In some cases, the symptoms and signs of traumatic brain injuries can be so subtle that they get ignored or dismissed. For days and weeks following an injury, people may feel and look fine. If you play a sport or perform a job that puts you at risk of a brain injury, it is important to understand what some of the symptoms and signs may be. Below are some of the common symptoms that may appear suddenly within the first 24 hours after getting injured. Oftentimes, symptoms will get worse in the days following and treatment should be sought by a medical professional in an emergency room.
Common Symptoms and Signs of Traumatic Brain Injuries
The symptoms a person may get from a traumatic brain injury can range widely and involve physical, sensory and mental or cognitive issues.
1. Mild Traumatic Brain Injury
• Vomiting or nausea.
• Loss of consciousness that may last up to a few minutes or end in a few seconds.
• Problems with speaking.
• Speech problems.
• Severe headaches.
• A feeling of being confused, dazed or disoriented.
• Difficulty falling asleep.
• Drowsiness or fatigue.
• Loss of balance or severe dizziness.
• Sensory problems that include ringing in the ears, blurred vision, changes in smell and a bad taste in your mouth.
• Sensitivity to sounds and lights.
• Mental or cognitive symptoms may include difficulty concentrating, changes in mood or feelings of anxiousness or depression.
2. Moderate and Severe Traumatic Brain Injury Symptoms
• Losing consciousness for several minutes or hours.
• Headaches that are persistent or worsen over time.
• Repeated bouts of nausea or vomiting.
• Seizures or convulsions.
• One or both pupils dilating.
• Inability to wake up from sleep.
• Clear fluids draining out of the ears or nose.
• Numbness or weakness in the toes or fingers.
• Loss of coordination.
• Mental or cognitive symptoms can include profound confusion, slurred speech, unusual behaviors and falling into a coma.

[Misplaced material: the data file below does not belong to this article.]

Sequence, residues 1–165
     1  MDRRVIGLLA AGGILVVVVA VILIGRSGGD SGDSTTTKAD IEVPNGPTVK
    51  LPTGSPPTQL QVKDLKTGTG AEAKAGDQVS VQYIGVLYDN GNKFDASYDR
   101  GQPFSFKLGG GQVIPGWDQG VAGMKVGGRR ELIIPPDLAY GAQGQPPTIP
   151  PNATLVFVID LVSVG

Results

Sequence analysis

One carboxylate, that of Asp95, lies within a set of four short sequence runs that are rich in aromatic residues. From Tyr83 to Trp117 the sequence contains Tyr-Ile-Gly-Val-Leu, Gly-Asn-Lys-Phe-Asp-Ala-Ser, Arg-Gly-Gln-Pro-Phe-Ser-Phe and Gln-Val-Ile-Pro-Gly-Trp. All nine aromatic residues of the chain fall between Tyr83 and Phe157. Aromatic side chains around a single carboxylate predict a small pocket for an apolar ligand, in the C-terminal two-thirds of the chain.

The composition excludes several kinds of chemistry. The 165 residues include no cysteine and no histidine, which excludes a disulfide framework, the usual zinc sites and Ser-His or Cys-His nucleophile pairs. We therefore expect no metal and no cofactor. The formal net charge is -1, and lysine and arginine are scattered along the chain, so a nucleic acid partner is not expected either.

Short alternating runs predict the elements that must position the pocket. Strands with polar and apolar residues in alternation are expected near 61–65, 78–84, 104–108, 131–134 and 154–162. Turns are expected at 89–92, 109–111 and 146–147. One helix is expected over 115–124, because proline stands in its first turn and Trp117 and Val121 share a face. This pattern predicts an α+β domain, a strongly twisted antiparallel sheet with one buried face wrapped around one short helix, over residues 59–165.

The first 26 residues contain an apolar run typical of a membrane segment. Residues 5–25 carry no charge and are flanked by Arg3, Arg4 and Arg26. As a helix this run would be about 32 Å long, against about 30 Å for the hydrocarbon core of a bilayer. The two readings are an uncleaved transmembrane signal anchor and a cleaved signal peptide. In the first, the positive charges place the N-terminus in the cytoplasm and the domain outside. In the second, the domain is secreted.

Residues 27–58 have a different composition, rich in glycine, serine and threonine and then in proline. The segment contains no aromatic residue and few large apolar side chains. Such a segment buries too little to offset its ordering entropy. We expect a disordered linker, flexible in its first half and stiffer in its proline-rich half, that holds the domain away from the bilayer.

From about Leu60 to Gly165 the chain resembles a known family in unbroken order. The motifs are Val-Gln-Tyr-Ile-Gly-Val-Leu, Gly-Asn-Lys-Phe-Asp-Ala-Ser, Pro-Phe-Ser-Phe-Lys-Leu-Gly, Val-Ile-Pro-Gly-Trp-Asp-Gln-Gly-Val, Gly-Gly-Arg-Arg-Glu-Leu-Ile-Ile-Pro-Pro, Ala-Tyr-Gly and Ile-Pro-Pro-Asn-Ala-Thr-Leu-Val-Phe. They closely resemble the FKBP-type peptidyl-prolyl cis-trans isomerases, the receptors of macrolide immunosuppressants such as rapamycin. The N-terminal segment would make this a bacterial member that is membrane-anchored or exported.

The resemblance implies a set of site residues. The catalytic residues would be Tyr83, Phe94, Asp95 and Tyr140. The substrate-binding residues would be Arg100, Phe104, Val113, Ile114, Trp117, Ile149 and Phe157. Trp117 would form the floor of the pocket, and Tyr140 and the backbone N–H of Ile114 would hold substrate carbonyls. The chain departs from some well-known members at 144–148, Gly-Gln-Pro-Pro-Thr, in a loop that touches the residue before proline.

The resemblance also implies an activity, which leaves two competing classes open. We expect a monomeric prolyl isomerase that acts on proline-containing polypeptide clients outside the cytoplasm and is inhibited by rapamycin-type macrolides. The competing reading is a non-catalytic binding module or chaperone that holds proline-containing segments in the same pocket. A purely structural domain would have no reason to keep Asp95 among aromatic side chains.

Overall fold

3. Traumatic Brain Injury Symptoms in Children
Infants and younger children with traumatic brain injuries will not be able to communicate sensory problems such as headaches, confusion and other symptoms. Below are some symptoms an adult may observe in a child with a traumatic brain injury.
• Easily upset or unusual irritability.
• Changes in nursing or eating habits.
• Changes to their ability to pay attention.
• Inability to be consoled or persistent crying fits.
• Sleep habit changes.
• Depression or sadness.
• Loss of interest in activities or favorite toys.
Complications of Traumatic Brain Injuries
1. Altered Consciousness Problems
•Comas- One complication a traumatic brain injury may cause is a coma. When a person enters a coma, they are unaware and unconscious of anything happening around them. After days or weeks in a coma, people can emerge or enter into a vegetative state.
•Vegetative State- When a person enters a vegetative state, it is often due to damage throughout the brain. For some, a vegetative state can be permanent, but others may get better in time and resume a minimally conscious state of mind.
•Minimally Conscious State of Mind- This conscious state is a condition where some people may be aware of their environment or themselves. Oftentimes, this is the transition from a person being in a coma or vegetative state to recovery.
•Brain Death- When there is no activity measurable in an injury patient’s brain stem or brain, this is referred to as brain death. This is considered an irreversible condition and removal of breathing devices often end a patient’s life due to heart failure.
2. Physical Complications
•Infections- Fractures to the skull and the protective tissues around the brain can lead to issues such as bacteria getting in and causing infections.
•Seizures- Many people who suffered from a traumatic brain injury will develop seizures. Recurrent episodes of seizures are often called post-traumatic epilepsy.
•Vertigo- Another complication is vertigo, and it is a condition that causes dizziness and loss of balance.
•Hydrocephalus- Hydrocephalus is when there is fluid buildup in the brain that increases swelling and pressure around it. It may also cause blood vessel damage that can lead to blood clots, stroke or other issues.
How to Treat and Deal with Traumatic Brain Injuries
Traumatic brain injuries are typically emergencies and need to be seen by a doctor right away. Your doctor will often perform an MRI or CT scan of your brain to see the extent of the injuries. Mild traumatic brain injuries will often require no treatment except resting and mild pain relievers to treat your headaches. Ideally, it is best for a person with a brain injury to be monitored before they’re cleared by the doctor to resume their normal activities.
Severe traumatic brain injuries require the use of medications, rehabilitation or surgery due to the mental and physical complications resulting from the damage to the brain. It is often in a person’s best interest to seek support to help cope with their injuries by joining support groups, avoiding distractions and seeing a therapist.